A beardy fellow I know, who is often seen in these parts out running in his yellow pyjamas, brought this film by Michael Moore to my attention. I watched it with my wife and we were both affected by it in different ways, we came to different conclusions. The next day I found this article in the Guardian.
I now notice other articles have appeared in the Guardian perhaps reflecting the seriousness of this subject to us, but I haven’t read the others, and I’m all fired up and ready to go.
Graham Readfearn’s main issue with the film appears to be that it is very out of date, perhaps 10 years out of date, and that alternative energy technology has moved on far enough in the mean time to make Moore’s claims unwarranted. Readfearn does not deal with the allegation that big business is making mega money from “alternative technologies” and that the real motive is to offer new investment ponies and not to save the planet.
The rift that is likely to open up in the green movement here might be seen as corrupt verses pure, right verses wrong, science verses fairy people, but I am going to leave all that aside. To me the offence caused by the film is that it attempts to massacre the hopes of the green movement.
If there is no free fuel, and along with that, free food, then everything that has been improved in the last 200 years is in jeopardy. Aid to the third world, social security in the west, right down to me not needing to keep an armed guard over the veggies on my allotment.
Moore’s claim, that I followed, emotionally, before I saw his film, is that you can’t have infinite resource on a finite planet, that you can’t make something out of nothing. My wife commented the lack of women interviewed in the film, but it was a women scientist who pointed out that when we use technology to get out of a problem of scale, the result is an exponential increase in the scale leading us to an exponentially bigger problem. These were the words that spoke most strongly to me.
I can understand the revulsion that will be felt among those who have devoted their lives to solving this problem, I don’t believe the corruption is of their souls, rather their science or logic. I think people want to believe too hard in the offers of science and technology, they are bamboozled by the maths, but it takes an idiot like me to see through the haze to the simplicity of pure logic.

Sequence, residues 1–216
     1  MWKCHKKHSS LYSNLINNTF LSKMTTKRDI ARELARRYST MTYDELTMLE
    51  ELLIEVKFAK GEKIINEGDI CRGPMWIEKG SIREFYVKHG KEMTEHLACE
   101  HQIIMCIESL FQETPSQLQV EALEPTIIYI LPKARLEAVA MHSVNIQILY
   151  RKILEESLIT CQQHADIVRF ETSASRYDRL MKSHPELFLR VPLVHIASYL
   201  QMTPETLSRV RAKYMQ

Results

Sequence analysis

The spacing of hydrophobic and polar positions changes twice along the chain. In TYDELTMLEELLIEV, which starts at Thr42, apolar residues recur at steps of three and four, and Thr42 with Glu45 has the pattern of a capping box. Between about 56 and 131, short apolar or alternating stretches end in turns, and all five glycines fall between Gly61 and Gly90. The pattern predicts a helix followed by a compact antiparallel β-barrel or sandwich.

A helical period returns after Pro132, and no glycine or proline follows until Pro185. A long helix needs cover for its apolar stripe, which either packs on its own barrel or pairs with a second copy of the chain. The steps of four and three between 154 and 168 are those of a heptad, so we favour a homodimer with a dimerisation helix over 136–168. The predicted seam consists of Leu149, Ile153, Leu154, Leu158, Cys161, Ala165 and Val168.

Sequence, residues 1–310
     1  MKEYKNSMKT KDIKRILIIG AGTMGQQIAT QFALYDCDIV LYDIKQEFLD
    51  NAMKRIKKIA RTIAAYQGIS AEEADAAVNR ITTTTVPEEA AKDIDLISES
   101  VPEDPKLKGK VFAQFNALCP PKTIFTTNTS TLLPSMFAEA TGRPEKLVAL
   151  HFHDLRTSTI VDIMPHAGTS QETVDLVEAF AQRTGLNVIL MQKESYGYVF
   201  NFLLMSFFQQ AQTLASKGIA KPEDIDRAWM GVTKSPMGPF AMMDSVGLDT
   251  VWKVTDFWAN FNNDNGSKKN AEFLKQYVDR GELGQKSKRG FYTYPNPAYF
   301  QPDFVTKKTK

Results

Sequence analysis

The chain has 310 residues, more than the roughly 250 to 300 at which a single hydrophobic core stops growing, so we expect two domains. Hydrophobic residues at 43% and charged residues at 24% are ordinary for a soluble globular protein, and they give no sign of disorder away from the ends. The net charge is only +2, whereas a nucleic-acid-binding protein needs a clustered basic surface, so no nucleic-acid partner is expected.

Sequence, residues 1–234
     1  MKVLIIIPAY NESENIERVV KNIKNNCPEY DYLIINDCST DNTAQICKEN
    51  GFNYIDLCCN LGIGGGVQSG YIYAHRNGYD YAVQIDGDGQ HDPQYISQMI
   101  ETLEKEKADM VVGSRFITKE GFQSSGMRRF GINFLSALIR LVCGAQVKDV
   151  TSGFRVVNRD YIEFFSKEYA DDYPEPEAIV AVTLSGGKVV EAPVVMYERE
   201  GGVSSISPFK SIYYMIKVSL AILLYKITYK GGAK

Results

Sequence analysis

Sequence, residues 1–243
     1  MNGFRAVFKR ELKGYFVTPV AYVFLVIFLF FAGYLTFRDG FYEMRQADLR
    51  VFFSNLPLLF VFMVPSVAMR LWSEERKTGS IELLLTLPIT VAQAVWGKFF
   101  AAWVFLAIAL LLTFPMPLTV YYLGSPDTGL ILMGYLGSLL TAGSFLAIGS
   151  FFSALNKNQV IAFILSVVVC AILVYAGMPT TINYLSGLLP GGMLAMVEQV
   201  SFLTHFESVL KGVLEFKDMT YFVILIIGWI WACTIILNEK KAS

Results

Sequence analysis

There is, and always will be, a limit to our wealth.
Alternative technologies may help us to eke out a little more, but, if climate science is to be believed, (and the alternative technology lobby would struggle now to argue), any further investment in cement infrastructure will mean more debt to be repaid in our carbon deficit. The same would apply to the solar panels despite the greater efficiency that has been achieved in the last 10 years.
So the conclusion is the same as where I started my blog; humans are spoiling the planet, and it is still all we have. The sad fact is that the clever people who have been trying to find a tech fix have been corrupted by the cleverer people who are trying to protect their status quo. We are a ship bound for hell and the devil is on the bridge. Perhaps, just perhaps, the realisation of this will help us to change course, but it won’t be easy, and we won’t find our way back to El Dorado, if we were ever even there. But yes we should all see Michael Moore’s film and we should not leap to conclusions, but we should understand that we are being fooled.